The immense romance of self-governance in the public university college campus is palpable in the culture of dissent and the perennial drive for reformation and transparency on myriad issues spanning from fans to funds. It can even be said that the distinct consciousness of rights, as well as responsibilities in the students and faculty of the public university, gives birth to its dynamism.
The students of Delhi School of Journalism have been protesting against the college administration on the counts of poor infrastructure, inadequate facilities and the exorbitant fees of the institution all year, and on Tuesday eight students were suspended for the same. Delhi School of Journalism, Delhi University’s first institution dedicated to a five-year-long integrated journalism course and India’s answer to the Columbia School of Journalism – touted to be the best journalism school in the world – started its first academic session in 2017 in Hindi and English.
In December 2017, it was reported that Delhi School of Journalism did not have a permanent faculty and was functioning with two contractual teachers for 120 students admitted that academic year.
In February 2018, the first batch of students at the School of Journalism came out with a charter of demands when the administration remained unresponsive to the issues raised by them. Issues like poor infrastructure, lack of adequate faculty and threats from authorities were highlighted. Facilities like media lab, library, and computer labs which had been promised and were basic requirements were not being provided.
On July 27, 2018, The Indian Express quoted a letter the students had written to the Vice Chancellor of Delhi University stating the myriad problems they were facing. Of the 14 faculty members, only two were permanent, while the rest were guest faculty. The letter said, “all the first-year classes started on July 20. But due to the scarcity of teachers, classrooms and chairs, classes of first-year has not started here yet.”
In July this year itself, it was reported that the students had threatened to hold a sit-in outside the Vice-Chancellor’s office if their demands for “basic facilities”, including media lab and library were not met by the end of the month. The students said, “the institute is charging as high as ₹67,500 per annum but is not providing even basic facilities.”
On August 3, 2018, The Quint reported that the students had alleged that the college administration had not utilised over ₹45 lakh in the last academic session. Furthermore, “Thirty-five students have submitted a charter to the Director of the institute, JP Dubey, on July 29 demanding a functional media lab, library, financial transparency to show the efficient utilisation of student’s fee and hostel accommodation.” The students had a reading room that could only accommodate 10 students in place of a library; classes were being held in the canteen due to lack of space and students didn’t have access to laptops. Although the authorities said they accepted the charter, no official reply has been received.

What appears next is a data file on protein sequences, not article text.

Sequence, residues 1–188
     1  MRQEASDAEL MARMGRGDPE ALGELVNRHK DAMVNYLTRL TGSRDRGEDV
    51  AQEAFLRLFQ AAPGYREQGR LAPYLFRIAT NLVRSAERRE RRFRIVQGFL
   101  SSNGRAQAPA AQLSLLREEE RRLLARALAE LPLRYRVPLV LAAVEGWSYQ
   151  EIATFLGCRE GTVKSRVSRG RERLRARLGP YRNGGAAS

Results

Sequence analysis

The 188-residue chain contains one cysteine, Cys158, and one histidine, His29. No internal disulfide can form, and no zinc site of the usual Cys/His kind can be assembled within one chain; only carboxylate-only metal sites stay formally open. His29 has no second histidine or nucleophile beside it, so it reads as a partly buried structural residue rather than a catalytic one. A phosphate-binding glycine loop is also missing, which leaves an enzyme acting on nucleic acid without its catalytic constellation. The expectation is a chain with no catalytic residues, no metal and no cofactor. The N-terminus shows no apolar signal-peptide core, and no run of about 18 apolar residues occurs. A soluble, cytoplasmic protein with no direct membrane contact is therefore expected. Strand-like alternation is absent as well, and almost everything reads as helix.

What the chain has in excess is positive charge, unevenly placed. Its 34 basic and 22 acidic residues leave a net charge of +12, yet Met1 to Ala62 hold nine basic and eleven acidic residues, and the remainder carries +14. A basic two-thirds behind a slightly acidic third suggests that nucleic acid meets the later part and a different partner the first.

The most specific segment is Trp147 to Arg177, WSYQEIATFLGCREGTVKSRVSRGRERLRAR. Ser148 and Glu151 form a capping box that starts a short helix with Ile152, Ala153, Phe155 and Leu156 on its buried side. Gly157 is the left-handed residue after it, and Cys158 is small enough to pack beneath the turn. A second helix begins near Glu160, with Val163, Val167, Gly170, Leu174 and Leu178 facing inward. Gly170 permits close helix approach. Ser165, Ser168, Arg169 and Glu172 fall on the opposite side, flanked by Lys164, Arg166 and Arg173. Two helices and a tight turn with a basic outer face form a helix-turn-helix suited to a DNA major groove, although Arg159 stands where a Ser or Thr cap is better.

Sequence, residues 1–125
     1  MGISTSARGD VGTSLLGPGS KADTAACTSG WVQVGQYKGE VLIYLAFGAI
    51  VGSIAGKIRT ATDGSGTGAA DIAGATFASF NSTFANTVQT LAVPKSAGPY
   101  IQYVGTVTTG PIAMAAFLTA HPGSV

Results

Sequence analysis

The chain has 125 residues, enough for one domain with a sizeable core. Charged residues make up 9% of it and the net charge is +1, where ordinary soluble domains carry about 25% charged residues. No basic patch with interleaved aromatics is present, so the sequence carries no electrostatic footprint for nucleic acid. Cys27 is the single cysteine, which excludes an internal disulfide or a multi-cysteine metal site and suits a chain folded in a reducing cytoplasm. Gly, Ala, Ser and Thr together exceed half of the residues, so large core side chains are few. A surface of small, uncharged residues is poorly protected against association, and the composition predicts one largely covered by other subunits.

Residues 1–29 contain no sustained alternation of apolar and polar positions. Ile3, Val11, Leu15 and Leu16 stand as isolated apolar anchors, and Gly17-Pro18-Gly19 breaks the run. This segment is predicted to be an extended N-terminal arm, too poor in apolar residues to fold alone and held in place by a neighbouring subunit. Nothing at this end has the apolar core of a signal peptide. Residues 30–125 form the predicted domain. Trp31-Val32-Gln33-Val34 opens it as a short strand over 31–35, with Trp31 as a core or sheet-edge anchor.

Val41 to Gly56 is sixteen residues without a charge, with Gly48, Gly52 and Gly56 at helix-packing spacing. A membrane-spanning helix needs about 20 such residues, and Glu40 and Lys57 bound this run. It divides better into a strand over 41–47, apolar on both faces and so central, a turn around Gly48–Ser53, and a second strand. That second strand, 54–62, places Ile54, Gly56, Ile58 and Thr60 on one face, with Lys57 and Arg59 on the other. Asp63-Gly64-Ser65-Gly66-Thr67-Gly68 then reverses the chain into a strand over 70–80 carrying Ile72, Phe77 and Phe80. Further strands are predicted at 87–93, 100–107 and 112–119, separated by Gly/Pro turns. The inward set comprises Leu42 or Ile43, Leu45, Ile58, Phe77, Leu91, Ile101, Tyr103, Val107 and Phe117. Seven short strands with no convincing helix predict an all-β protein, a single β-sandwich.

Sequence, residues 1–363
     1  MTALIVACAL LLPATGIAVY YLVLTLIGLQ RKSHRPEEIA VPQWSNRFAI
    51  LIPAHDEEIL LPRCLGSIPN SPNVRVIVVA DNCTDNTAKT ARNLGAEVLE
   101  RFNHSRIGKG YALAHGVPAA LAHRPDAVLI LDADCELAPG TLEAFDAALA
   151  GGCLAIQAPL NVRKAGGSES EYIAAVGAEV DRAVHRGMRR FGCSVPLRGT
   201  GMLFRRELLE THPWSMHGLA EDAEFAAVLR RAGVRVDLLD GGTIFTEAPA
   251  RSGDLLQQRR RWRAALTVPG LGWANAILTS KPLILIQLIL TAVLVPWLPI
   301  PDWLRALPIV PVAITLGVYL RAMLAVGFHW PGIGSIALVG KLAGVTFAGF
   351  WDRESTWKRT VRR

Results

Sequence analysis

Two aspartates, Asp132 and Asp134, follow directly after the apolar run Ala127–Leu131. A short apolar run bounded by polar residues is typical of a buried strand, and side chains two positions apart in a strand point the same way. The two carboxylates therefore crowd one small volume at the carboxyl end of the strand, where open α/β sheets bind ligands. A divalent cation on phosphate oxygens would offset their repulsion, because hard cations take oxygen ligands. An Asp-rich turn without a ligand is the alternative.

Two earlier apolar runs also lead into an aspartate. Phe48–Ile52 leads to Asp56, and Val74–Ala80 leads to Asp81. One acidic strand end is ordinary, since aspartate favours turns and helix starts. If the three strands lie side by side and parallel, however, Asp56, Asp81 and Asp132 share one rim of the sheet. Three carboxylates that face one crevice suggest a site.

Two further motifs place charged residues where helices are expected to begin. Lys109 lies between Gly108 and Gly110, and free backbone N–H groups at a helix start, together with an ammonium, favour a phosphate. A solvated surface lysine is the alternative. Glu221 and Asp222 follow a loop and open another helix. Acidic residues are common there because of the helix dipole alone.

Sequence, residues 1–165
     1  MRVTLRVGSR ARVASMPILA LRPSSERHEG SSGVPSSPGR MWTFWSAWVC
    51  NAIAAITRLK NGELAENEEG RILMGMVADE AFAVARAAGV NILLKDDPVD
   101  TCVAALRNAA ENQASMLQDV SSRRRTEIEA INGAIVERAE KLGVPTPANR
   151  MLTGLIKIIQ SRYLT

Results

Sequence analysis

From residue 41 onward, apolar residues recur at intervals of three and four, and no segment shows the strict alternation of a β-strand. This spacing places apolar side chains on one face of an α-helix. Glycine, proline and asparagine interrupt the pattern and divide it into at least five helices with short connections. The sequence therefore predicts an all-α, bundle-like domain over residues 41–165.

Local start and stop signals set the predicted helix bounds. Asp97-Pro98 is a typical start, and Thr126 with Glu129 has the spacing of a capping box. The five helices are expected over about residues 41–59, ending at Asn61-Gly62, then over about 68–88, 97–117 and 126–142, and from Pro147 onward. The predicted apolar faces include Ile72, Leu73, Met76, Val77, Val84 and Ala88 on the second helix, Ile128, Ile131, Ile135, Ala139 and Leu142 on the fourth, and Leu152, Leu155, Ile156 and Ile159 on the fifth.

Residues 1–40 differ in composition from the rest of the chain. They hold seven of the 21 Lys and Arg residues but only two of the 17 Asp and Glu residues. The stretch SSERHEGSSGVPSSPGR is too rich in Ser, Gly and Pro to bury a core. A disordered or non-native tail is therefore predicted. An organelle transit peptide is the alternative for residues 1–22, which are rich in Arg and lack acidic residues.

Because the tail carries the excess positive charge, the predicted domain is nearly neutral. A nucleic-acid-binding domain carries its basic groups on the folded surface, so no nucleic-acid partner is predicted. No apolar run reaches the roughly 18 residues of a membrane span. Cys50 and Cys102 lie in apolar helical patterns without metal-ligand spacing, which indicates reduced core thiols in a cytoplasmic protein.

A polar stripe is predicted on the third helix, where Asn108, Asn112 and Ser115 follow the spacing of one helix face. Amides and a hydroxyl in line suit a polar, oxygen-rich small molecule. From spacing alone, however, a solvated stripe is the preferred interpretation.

An open letter to Venkaiah Naidu, the Chancellor of DU, read as follows: “Had you seen the atrocious state of affairs for yourself, you would have felt ashamed and morally responsible to be a part of this loathsome clickbait scandal. We are future journalists, who speak truth to the power, but after all these months of struggle, we have realised that the DU administration sans ears. It pains our heart to imagine the condition of universities with lesser media attention and more autocratic administrations, if such is the condition of DSJ, a DU north campus college in the heart of Delhi.”
The Vice-Chancellor, Yogesh Tyagi, however, has remained unresponsive to the carnival of the charter of demands and written communiques by the students.
In light of the protests held by the students on the campus of DSJ on August 28, the administration issued a notice suspending eight students, while the suspension order was revoked a day later.